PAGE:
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Stopping Student Interruptions


Found in: handling disruptions; manners & etiquette

I had a student who constantly interrupted my music class during my first year of teaching. This sixth-grade student was the star attraction every time I had this class. I went to other teachers to find out more about him and discovered he came from a single parent home and liked writing letters. He had written to several heads of state. I asked him to be my secretary and provided him with stationery and a special desk in the library. His job for two weeks was to write letters to music companies requesting music catalogs that I needed. After two weeks he returned to class. Another student started to interrupt me. My "secretary" turned and told the other student to sit down and stop interrupting me. I had no further problems in that class.

One of the greatest "rewards" for many students today is one on one time with the teacher or other adult who cares. If you have a student that interrupts, try visiting with him or her alone to explain how the interruptions are causing all the students to miss out on learning time. Offer to give this student a token of some kind at the end of each class where he or she participates appropriately. Be sure to be clear about what that would look like. You may even want to write it down on a card and put it on the student’s desk. After receiving a set number of tokens (5? 10?) this student can earn a private lunch with you. Don't laugh.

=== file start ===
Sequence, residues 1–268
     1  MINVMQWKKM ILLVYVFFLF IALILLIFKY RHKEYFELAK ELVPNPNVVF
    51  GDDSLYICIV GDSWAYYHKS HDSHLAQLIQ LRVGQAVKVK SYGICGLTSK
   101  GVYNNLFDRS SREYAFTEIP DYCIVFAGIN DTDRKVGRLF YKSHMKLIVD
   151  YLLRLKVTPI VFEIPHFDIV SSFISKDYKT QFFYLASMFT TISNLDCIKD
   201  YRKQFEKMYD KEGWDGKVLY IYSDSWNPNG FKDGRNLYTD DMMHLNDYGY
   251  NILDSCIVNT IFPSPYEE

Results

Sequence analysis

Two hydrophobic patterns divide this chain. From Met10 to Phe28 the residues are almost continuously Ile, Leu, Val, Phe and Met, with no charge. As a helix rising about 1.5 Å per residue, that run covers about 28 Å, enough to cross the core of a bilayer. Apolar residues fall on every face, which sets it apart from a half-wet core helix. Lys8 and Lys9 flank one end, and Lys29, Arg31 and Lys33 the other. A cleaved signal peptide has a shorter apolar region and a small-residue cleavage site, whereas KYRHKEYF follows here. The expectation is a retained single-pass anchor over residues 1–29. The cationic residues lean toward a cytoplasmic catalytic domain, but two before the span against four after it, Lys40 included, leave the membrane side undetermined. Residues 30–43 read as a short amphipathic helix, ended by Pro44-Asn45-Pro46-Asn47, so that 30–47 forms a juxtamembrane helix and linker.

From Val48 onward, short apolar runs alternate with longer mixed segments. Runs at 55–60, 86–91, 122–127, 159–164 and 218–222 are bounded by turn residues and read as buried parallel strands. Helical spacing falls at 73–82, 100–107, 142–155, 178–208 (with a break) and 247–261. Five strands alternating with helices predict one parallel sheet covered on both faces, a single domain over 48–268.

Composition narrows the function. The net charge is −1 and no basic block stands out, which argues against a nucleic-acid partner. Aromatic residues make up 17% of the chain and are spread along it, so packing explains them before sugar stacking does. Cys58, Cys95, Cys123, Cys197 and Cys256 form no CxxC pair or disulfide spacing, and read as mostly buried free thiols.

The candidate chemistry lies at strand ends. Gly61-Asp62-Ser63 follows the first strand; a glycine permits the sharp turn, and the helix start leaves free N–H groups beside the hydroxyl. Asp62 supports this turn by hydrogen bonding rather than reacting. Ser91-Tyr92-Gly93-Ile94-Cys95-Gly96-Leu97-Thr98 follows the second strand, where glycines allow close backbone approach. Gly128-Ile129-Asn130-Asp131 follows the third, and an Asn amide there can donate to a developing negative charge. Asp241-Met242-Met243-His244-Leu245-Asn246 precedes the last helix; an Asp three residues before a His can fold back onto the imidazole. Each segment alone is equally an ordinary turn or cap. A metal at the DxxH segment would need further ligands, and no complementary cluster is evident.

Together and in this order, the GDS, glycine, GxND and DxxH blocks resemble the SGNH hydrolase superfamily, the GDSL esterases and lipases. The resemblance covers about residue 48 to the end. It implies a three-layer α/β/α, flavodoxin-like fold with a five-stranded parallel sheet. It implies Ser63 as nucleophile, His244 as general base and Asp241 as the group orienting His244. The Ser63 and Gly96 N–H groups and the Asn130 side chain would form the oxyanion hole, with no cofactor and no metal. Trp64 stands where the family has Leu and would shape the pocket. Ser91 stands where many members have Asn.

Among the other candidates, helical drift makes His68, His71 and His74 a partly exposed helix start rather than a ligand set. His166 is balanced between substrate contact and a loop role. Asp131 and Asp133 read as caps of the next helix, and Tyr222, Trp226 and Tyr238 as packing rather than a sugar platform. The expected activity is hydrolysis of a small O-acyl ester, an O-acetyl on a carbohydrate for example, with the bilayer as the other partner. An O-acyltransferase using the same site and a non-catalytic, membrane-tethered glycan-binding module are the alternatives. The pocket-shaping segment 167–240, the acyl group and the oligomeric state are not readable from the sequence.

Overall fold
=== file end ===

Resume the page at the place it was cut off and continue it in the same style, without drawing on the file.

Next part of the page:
I used to have a private lunch bunch on Friday noon at lunchtime. It was by invitation only for students who had accomplished a personal learning goal. It was full every week and was quite an honor to be invited. We had a special tablecloth and candles and used special china and silverware sometimes as if we were going to a restaurant. It cost me nothing and instead of keeping kids in for being "bad," I was expending the same amount of time and energy to celebrate their accomplishments.

If there is some other incentive that would work better, you may want to offer that. However, I always tried to stay away from "trash and trinkets." Kids who are acting out often don't need more "things," they need more attention and guidance in how to get it appropriately.


What are your strategies for stopping student interruptions? Tell us and we'll share with fellow educators in our weekly Works4Me e-newsletter.

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